Had Google used the spot to include some of its other services, such as gmail or Google maps or YouTube or BlogSpot or Google Calendar, or Chrome, the ad would've been much more effective. What Google seems to be building is a one-stop shop for your digital life. Much the way that Apple envisioned the Mac a few years back as your digital hub, Google seems to envision itself as the place to get and store information on the web, and now a way to have it delivered, as well. They're making it so that if you want to - if you're a Googlebot, that is - you don't have to go anywhere else on the web for, well, anything. But search? Come on. This ad would've been amazing in 1998. But in 2010, I'm not impressed with a full minute of watching someone use Google to search the internet, even though it did tell a nice story.

So nice ad, Google. But not good enough to make the Destructo Top 5©®(patent pending). And I'm still wary of you. But that's a topic for another time.

Wednesday, February 10, 2010

My Favorite Super Bowl Commercials

So everyone can quit flooding my in-box asking me...

Tuesday, February 9, 2010

The Best Superman News, Ever

From /film:

... a new Superman is in very early stages of development. The only sourced quote that will matter to most readers is, “It would definitely not be a follow-up to Superman Returns.”

I think it's best for everyone if Warner Brothers backs away from that piece of turd and pretends that it was never even made. The good news is that it looks as if Superman might get a Batman-style reboot, which is what should have happened in 2006.

Steve Jobs Was Right ... Again

From AppleInsider:

Since Apple granted music labels the flexibility to set individual song prices between $0.69 and $1.29 on the iTunes Music Store, growth of digital music sales has slowed, one music executive revealed Tuesday.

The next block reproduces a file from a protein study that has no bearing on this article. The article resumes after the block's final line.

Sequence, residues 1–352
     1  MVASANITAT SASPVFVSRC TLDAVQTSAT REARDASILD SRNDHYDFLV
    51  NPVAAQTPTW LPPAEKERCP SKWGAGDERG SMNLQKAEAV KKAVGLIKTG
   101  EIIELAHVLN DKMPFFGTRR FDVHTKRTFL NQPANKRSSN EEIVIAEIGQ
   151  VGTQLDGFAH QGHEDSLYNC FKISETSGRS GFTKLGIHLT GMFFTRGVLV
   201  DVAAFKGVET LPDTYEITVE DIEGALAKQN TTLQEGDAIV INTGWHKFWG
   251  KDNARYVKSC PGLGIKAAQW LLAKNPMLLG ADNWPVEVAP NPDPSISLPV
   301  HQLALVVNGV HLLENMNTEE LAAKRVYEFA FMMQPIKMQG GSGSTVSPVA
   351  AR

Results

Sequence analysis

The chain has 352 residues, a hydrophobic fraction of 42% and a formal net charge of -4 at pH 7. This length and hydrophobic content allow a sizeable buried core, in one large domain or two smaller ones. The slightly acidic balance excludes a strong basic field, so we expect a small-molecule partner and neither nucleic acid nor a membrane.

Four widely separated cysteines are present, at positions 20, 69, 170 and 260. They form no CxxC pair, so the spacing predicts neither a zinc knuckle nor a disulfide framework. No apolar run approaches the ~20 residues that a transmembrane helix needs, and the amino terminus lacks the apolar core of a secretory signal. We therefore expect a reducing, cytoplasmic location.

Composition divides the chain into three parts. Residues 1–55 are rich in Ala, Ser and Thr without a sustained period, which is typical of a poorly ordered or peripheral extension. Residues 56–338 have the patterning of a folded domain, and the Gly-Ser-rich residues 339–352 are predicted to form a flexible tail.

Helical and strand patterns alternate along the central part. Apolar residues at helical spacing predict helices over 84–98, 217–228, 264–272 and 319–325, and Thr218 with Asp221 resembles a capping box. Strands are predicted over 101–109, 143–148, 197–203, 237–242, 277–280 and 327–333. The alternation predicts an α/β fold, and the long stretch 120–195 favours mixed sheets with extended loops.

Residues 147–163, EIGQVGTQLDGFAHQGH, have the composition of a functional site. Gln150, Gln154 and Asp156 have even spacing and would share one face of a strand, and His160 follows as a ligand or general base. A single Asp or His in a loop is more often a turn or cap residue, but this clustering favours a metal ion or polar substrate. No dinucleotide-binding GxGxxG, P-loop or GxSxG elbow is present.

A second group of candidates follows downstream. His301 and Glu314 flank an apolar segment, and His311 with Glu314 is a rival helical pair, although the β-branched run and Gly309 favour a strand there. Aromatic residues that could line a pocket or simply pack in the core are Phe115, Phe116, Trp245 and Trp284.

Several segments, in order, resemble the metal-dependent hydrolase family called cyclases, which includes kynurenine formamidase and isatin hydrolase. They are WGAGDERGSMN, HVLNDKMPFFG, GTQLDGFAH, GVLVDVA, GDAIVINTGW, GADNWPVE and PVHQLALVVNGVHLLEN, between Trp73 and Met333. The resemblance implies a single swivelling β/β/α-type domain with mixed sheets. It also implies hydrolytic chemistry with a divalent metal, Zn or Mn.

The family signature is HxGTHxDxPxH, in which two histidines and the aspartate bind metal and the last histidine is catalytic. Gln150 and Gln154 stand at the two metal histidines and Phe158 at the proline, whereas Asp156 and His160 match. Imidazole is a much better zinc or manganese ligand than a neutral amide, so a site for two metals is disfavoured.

According to Peter Kafka at MediaMemo, Warner Music Group revealed Tuesday that it has seen digital music sales sales slow down since the price increase took effect in April 2009. Digital album downloads grew 5 percent in December, down from 10 percent in the September quarter and 11 percent in the June quarter. Digital revenue is slowing as well: Warner saw 8 percent growth in the holiday quarter, versus 20 percent a year before.

Warner CEO Edgar Bronfman Jr. reportedly said the pricing change has been a "net positive" for Warner, but conceded that a 30 percent price increase during a recession was not the best move.

Steve Jobs insisted for years against pressure from the music industry that .99 cents was the sweet spot for music pricing and that raising prices would stifle sales. But they insisted, and Steve traded price flexibility for removal of DRM. And it turns out that people aren't willing to pay $1.29 per track the way they were for .99 cents. [I'm leaving out the supposed .69 cent price point because in all my browsing of the iTunes store, I've yet to run across such a unicorn bigfoot track.]